Background/Aims: Bitter-tasting chloroquine can suppress T cell activation by inhibiting Ca 2+ signaling. However, the mechanism of inhibition remains largely unclear. Methods: In this study, CD4 + T cells were isolated from the thymus, and the calcium content of CD4 + thymocytes was measured using fura-2 AM and a TILL imaging system. Pyrazole-3 (Pyr3), thapsigargin (TG), and caffeine were used to assess the effects of chloroquine on the intracellular Ca 2+ content of CD4 + T cells. Results: In murine CD4 + thymocytes, chloroquine decreased the TG-triggered intracellular Ca 2+ increase in a dose-dependent manner. In the absence of chloroquine under Ca 2+ -free conditions (0 mM Ca 2+ and 0.5 mM EGTA), TG induced a transient Ca 2+ increase. After restoration of the extracellular Ca 2+ concentration to 2 mM, a dramatic Ca 2+ increase occurred. This elevation was completely blocked by chloroquine and was markedly inhibited by Pyr3, a selective antagonist of transient receptor potential C3 (TRPC3) channel and stromal interaction molecule (STIM)/Orai channel. Furthermore, the TG-induced transient Ca 2+ increase under Ca 2+ -free conditions was eliminated in the presence of chloroquine. Chloroquine also blocked the dialyzed inositol-1,4,5-trisphosphate (IP 3 )-induced intracellular Ca 2+ increase. However, chloroquine was not able to decrease the caffeine-induced Ca 2+ increase. Conclusion: These data indicate that chloroquine inhibits the elevation of intracellular Ca 2+ in thymic CD4 + T cells by inhibiting IP 3 receptor-mediated Ca 2+ release from intracellular stores and TRPC3 channel-mediated and/or STIM/Orai channel-mediated Ca 2+ influx.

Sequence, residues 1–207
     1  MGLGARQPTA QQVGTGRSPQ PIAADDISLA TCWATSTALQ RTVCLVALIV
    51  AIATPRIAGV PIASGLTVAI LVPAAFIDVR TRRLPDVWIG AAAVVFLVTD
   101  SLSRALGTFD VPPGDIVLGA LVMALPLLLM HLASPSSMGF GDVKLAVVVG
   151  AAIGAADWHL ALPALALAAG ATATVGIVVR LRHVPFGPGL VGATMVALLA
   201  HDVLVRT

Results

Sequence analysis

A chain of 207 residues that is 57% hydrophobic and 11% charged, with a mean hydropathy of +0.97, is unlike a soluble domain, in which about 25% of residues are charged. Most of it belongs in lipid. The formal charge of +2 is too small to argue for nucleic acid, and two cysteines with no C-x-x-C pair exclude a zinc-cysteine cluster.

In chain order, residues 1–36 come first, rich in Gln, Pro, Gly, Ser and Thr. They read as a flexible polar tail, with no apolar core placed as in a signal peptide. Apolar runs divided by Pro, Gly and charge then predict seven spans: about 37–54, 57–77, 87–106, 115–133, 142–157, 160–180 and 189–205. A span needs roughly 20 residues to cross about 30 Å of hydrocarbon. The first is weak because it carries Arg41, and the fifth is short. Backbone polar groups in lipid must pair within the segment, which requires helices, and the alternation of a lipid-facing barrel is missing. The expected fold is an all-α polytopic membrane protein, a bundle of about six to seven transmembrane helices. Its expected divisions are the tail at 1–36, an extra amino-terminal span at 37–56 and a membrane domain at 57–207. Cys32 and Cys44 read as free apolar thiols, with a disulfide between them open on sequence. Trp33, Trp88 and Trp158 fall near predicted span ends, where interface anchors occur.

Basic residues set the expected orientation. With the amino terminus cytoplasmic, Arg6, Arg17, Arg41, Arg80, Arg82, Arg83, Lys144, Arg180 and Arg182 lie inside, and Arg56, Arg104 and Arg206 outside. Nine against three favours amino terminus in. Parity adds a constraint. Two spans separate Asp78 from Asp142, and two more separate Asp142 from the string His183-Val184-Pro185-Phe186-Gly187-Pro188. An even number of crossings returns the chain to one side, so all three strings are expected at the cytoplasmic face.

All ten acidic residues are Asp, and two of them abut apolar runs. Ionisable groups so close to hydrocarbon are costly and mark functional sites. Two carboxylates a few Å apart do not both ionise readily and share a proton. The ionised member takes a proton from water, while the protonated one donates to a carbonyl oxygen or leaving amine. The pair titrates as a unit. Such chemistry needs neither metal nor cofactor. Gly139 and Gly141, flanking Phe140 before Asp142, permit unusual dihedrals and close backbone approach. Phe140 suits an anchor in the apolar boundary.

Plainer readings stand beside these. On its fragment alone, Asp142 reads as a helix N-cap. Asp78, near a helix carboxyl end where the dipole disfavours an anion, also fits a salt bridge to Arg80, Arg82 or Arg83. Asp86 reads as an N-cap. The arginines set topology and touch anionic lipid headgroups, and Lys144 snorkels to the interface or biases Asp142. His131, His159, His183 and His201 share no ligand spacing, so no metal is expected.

- CD4 T cells
- IP receptor
- Transient receptor potential C3 (TRPC3)
ASJC Scopus subject areas